DKD has multiple intersecting pathways propagating its disease process. Inflammation plays a vital role in the pathogenesis of DKD. Diabetes sets in motion various inflammatory cascades via oxidative stress, AGE, obesity, ischaemia, and damaged cells,30 producing inflammatory molecules like NFкB, NLR family pyrin domain containing 3 (NLRP3)-linked caspases,31 IL-1B, IL-6, and IL-18. This increase in AGE has been shown to be linked directly with increased expression of NLRP3-related proteins, which have been postulated to be mediators of chronic kidney disease,31 with a role in activation of mesangial cells. NLRP3-related proteins are found in macrophages and inflammasomes and have been linked to multiple inflammatory disorders. In various mice models, attenuation of NLPR3 helped reduce chronic kidney disease (CKD) progression in a dose-dependent manner. Neutrophil and macrophage infiltration, lipoprotein oxidisation, and immune complex deposition can also occur.6 With this ongoing inflammation there is increased production and deposition of amyloid A protein, which can also be used as a marker of disease progression.32 CCR2 signalling distorts actin cytoskeleton and nephrin stability, damaging podocytes.33 Hyperglycaemia-mediated promotion of elective cell simulated adhesion molecules cause tight junction abnormalities, resulting in proteinuria.33

Furthermore, the complement system activation has a huge impact on DKD progression. DKD progression has been linked to complement activation through mannose-binding lectins and ficolin-associated activation of the lectin pathway in the complement cascade. Hyperglycaemia leads to higher levels of glycan and galactosamine-bound substances that are recognised by these receptors.34

Genetic Modification

Hyperglycaemia and its effects cause DNA damage, and display effects of ageing in patients with diabetes by causing chromosomal telomere shortening,35 resulting in proteinuria and DKD progression.36 DNA damage activates various kinases, including ataxia-telangiectasia mutated and Rad3-related, followed by activation of p51 and p21. This inhibits cyclin-dependent kinase 2, impeding phosphorylation of retinoblastoma protein, which is essential for E2F transcription factor mediated DNA transcription. This inhibition of E2F transcription factor leads to permanent arrest of the cell cycle.30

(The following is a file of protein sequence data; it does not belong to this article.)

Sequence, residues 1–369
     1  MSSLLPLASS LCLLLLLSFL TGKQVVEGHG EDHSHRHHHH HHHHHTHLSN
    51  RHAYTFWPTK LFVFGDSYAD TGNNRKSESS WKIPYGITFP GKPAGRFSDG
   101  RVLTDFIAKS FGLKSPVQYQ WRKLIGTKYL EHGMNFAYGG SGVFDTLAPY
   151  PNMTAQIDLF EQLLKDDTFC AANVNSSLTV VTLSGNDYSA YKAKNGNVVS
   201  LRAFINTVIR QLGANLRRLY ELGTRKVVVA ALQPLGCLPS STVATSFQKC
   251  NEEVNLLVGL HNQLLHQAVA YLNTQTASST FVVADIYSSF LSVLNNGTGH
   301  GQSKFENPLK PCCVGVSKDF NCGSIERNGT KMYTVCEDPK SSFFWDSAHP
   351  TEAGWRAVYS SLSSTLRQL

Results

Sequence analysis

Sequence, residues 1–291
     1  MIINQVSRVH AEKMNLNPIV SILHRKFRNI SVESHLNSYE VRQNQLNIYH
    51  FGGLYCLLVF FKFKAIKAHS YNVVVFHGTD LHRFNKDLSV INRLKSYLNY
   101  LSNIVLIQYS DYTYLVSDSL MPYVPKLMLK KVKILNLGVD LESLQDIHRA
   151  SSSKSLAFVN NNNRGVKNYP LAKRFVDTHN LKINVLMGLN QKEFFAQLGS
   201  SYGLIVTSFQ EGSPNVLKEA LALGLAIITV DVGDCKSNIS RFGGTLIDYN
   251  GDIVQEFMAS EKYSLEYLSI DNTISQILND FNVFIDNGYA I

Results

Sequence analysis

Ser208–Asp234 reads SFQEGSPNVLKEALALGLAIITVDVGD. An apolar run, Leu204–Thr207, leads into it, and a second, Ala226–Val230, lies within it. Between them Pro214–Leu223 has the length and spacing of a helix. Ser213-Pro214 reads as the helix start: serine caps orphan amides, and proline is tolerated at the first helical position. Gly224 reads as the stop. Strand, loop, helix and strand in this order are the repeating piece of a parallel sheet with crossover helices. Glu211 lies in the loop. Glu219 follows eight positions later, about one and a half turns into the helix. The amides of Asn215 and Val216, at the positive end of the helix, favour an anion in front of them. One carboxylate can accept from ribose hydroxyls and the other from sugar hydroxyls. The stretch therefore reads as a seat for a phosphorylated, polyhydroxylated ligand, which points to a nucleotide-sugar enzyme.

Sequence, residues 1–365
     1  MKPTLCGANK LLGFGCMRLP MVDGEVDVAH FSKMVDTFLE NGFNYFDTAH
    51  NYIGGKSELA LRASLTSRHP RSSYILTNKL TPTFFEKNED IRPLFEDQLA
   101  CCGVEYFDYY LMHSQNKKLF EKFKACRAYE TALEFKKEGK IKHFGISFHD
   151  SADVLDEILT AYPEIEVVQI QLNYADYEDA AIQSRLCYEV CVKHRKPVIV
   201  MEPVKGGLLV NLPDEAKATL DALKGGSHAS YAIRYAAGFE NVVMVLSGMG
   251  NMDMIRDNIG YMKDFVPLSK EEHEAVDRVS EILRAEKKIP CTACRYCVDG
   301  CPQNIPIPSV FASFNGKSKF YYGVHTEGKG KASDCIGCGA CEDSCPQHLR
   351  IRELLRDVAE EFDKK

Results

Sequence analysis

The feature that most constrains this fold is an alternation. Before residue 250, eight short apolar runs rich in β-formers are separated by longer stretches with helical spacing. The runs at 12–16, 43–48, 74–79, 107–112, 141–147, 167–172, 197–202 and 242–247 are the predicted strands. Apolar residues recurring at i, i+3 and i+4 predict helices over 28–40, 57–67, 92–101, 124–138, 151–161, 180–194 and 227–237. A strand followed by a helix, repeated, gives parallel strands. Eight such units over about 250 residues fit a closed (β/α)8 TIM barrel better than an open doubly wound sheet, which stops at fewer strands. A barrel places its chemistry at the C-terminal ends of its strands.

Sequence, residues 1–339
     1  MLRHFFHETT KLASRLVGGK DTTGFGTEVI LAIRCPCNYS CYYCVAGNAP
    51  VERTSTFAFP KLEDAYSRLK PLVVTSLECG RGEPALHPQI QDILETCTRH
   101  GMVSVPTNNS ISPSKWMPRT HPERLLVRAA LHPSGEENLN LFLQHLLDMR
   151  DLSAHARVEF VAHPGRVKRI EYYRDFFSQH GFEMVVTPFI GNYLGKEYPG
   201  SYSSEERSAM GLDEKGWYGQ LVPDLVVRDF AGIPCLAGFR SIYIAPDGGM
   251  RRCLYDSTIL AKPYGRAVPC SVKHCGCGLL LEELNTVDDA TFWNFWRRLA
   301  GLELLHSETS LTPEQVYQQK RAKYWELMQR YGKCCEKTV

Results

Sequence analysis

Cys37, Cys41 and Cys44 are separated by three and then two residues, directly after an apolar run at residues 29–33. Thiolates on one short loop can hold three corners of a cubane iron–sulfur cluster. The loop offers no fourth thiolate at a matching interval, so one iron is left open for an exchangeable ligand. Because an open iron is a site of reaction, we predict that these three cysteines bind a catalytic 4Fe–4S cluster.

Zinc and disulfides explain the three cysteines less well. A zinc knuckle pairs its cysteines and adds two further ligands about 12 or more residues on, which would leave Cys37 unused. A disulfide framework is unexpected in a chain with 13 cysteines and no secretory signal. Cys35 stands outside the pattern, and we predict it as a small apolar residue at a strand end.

Epigenetic changes constitute changes in genome function without change in DNA sequences. These are directly linked to lifestyle-directed exposures and individual encounters. In mice with diabetes, epigenetic changes have been noted as early as after 5 weeks of hyperglycaemia. DNA methylation, histone modification, and non-coding RNA are the main epigenetic changes.37 Histone acetylation of HG3K9 causes increased expression of AGT, a component of RAAS system,38 and hypomethylation of CpG islands (which are portions of some regulatory regions of genome) causes changes in the Claudin-1 gene, resulting in more proteinuria.39 H3K4me1 methylation promotes NFкB, non-coding RNA miRNA125b, prompting IL-6 and MCP-1 expression and miRNA-192-led TGF-β activity, plus collagen accumulation.40 Hyperglycaemia also provokes activity of HDAC4, which deacetylates signal transducers and activators of transcription 1, inhibiting autophagic properties in podocytes.41 Numerous other epigenetic changes play a role in promoting oxidative stress: e.g., hypomethylation of CpG or hyperacetylation of H3 histone precipitates p66Shc promotion, and lysine-specific histone demethylase 1 histone dimethyltransferase-driven inhibition of SOD2.42

Hypermethylation of klotho gene in both patients and mice with diabetes results in lower levels of klotho protein.43 This decreases the favourable effects of klotho protein against ageing, oxidative stress calcification, and antifibrotic effect.44,30

Kidney Changes

The kidneys in a diabetic environment undergo many changes, from initial renal enlargement to vasoconstriction, endothelial and tubular cell injury, to eventual renal fibrosis. The authors describe certain structural changes and their places in the pathogenesis of diabetic kidney below.

Glomerular Changes

The earliest changes in DKD are due to hyperfiltration in the glomerulus, causing thickening and stiffness of the glomerular basement membrane from sheer pressure45 and deposition of extracellular matrix.46 Secondly, mesangial expansion occurs due to leakage of protein, inflammation, and ongoing damaged tissue collection. This further disturbs the precision of glomerular filtration. Mesangiolysis leads to accumulation of matrix and cellular debris, which forms nodular structures named Kimmelstiel and Wilson nodules.47 Additional mesangial destruction ends up in widespread glomerulosclerosis. Vascular changes with thickening of vessel walls and hyalinosis are also classic for DKD.